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Apr 11

NASA Flyby Anomaly Solved? Raju's response

Posted by: JackSarfatti
Tagged in: Untagged 

On Apr 10, 2011, at 8:26 PM, c_k_raju@vsnl.net wrote:

What happens if you add Wheeler-Feynman advanced effects? - another line of inquiry.

An interesting line of enquiry. The key difficulty is how to solve the resulting equations. I have been trying to solve such equations in the case of electrodynamics ("Simulating a tilt in the arrow of time", 1995 unpublished conference paper), and I did suggest a technique some years ago, but did not follow it up, though I intend to do so shortly. Hence, the retardation is explicit in the title.

CK

On Apr 10, 2011, at 8:20 PM, c_k_raju@vsnl.net wrote:

Dear Jack,

Thanks for your questions.


Are you sure that Einstein's GR in the post-Newtonian approximation
does not already contain the new terms you use?

No, I am not sure since I did not do the calculations myself, but the published claim is that the GR frame drag cannot account for the flyby anomaly.

There would be further difficulties. If oblateness is important, one cannot use the Kerr solution. One could patch an external Kerr-like solution to an oblate object using my method ("Junction Conditions in General Relativity", J. Phys. A: 15 (1982) 1785-97, or its generalisation arXiv:0804.1991), but it seems  complicated.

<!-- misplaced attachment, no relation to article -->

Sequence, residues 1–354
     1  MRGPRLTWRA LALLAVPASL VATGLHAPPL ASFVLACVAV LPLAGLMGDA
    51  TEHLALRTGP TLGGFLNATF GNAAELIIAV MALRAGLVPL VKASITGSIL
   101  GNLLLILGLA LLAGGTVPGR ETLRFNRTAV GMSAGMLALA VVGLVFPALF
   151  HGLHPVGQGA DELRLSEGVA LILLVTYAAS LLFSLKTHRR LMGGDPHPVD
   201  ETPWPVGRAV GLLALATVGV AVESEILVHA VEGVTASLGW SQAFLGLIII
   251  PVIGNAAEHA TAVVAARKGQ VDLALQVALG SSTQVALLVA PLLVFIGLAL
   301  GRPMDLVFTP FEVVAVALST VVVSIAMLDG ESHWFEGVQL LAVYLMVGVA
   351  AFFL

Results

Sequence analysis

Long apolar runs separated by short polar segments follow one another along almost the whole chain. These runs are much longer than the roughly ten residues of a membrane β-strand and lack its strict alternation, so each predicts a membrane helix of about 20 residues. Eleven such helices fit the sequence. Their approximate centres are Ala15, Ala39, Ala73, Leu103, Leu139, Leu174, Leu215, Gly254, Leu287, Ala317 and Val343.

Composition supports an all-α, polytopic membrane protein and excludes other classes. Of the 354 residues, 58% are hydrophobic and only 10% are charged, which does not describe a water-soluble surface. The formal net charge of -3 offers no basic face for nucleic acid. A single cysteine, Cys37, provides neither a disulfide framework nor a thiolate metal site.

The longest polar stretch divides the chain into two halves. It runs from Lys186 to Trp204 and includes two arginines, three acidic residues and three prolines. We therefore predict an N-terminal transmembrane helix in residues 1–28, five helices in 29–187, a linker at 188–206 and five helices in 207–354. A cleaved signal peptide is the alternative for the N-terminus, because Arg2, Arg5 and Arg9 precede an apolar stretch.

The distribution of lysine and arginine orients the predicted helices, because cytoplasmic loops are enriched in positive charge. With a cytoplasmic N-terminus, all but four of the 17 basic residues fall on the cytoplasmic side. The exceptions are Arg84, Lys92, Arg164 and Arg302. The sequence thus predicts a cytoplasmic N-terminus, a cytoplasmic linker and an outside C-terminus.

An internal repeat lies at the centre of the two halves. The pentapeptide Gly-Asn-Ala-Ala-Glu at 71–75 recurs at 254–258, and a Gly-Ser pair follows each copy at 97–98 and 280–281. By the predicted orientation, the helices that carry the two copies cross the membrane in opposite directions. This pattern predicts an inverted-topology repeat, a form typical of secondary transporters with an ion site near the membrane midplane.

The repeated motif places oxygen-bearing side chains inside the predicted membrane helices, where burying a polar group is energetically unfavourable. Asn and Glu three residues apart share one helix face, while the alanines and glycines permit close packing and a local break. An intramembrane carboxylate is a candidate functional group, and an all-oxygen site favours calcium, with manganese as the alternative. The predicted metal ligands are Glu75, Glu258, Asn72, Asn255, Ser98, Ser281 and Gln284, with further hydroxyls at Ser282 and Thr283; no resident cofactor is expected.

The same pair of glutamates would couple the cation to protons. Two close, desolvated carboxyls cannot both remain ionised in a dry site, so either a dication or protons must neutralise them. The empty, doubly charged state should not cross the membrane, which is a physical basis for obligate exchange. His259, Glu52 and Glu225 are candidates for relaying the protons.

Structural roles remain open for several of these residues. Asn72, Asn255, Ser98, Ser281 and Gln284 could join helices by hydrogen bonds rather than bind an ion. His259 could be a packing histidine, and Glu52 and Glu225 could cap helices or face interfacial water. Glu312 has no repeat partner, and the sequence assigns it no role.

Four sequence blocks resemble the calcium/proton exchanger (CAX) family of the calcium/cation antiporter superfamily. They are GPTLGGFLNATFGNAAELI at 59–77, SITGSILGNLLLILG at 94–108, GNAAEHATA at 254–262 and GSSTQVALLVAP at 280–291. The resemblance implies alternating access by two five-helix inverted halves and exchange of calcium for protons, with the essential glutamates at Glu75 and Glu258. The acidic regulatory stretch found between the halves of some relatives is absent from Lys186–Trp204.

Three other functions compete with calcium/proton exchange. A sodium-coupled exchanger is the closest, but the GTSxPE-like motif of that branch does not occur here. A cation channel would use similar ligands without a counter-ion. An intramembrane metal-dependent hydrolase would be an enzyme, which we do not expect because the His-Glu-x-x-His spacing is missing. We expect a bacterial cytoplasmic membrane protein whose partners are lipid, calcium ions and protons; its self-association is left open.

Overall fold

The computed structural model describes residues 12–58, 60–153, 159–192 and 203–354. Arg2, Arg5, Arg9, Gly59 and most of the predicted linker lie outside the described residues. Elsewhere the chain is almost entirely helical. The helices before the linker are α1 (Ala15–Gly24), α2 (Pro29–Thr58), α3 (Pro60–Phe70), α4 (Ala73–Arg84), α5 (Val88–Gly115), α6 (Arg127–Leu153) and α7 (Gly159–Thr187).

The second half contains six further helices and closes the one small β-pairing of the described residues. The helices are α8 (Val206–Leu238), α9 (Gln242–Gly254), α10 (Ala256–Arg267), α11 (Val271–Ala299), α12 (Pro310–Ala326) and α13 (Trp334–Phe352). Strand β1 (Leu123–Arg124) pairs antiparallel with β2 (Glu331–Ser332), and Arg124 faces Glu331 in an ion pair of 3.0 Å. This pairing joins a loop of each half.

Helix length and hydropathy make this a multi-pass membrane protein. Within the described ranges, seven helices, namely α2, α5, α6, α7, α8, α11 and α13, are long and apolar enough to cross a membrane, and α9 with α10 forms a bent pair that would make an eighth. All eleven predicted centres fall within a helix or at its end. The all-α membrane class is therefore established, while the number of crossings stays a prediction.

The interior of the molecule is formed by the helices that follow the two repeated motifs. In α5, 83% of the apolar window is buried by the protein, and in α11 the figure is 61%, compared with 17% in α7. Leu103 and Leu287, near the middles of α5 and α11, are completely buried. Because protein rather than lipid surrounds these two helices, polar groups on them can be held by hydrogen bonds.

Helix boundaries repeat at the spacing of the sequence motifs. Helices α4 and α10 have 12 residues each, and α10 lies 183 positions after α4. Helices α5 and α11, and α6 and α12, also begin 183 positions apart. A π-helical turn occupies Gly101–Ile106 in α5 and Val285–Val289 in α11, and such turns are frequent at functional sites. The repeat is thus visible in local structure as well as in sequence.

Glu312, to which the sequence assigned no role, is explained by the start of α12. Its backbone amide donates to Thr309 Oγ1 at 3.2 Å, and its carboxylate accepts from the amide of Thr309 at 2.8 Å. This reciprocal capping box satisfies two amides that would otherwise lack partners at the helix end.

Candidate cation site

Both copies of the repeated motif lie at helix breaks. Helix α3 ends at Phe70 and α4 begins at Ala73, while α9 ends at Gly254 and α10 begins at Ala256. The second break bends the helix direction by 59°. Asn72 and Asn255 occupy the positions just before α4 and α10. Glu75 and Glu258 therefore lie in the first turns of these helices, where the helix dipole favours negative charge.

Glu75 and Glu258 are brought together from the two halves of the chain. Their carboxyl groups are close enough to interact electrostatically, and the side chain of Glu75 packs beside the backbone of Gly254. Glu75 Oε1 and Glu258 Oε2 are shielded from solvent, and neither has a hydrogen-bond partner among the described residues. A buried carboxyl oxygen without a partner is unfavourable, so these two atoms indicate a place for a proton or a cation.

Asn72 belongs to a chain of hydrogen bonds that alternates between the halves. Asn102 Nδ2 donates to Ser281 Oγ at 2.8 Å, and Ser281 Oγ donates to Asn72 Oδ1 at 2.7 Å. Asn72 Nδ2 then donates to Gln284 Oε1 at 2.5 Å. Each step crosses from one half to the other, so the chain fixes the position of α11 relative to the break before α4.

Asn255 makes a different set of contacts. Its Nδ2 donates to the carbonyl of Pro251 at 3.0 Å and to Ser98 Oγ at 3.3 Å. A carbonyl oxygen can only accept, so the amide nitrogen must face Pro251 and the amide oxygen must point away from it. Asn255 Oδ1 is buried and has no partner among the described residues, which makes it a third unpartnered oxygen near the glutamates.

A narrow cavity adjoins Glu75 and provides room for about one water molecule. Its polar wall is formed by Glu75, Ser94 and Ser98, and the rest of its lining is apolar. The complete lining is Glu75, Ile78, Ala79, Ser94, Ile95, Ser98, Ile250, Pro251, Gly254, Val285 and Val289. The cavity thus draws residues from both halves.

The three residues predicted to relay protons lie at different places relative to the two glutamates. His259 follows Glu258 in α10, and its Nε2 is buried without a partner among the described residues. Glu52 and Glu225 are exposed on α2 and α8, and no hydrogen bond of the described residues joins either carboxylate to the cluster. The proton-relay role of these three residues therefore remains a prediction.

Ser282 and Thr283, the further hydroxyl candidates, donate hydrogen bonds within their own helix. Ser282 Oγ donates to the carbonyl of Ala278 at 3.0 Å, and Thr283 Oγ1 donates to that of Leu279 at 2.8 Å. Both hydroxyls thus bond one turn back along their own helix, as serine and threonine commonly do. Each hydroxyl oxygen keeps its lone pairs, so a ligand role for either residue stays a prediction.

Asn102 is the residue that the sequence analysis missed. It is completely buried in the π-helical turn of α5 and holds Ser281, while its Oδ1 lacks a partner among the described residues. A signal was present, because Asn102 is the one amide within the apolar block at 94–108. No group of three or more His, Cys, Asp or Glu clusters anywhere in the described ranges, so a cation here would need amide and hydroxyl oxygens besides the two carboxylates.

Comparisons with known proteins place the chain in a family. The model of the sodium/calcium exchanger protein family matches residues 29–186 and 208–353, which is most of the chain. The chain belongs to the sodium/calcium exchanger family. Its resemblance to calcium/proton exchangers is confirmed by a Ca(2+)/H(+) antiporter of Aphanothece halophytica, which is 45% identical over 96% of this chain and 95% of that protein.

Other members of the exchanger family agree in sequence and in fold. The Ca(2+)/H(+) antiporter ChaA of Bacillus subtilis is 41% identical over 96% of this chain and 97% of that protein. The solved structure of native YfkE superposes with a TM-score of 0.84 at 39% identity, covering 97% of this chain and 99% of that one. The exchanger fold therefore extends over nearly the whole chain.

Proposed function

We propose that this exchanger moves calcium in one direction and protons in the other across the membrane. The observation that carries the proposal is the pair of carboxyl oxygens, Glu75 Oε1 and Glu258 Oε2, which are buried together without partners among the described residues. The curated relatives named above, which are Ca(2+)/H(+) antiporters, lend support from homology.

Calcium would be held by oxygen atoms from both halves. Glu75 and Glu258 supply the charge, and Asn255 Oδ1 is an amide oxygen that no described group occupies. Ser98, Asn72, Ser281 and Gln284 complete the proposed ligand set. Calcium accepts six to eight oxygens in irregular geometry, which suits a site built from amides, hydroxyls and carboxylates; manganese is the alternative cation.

There is no clear-cut statistical way of going from a system of particles to a density in GRT, as there is in classical thermodynamics. Though the galaxy  seems a collection of discrete stars a typical relativist would model it using a "fluid". However, the  observed mass distribution can be related to the theoretically assumed one only "intuitively". Moreover, as far as I know, no one has actually managed to account for galactic rotation curves in this way.

Accordingly, I have not yet taken a position on whether or not GRT can account for the effects that are a clear consequence of RGT.

Clearly, RGT is so much *easier* for many-body problems.

Since Lorentz covariance is absolutely essential to [present-day] physics, it seems to me more important to first settle *experimentally* the question of (a) RGT vs Newtonian gravitation, before tackling the question of (b) RGT vs GRT.



CKR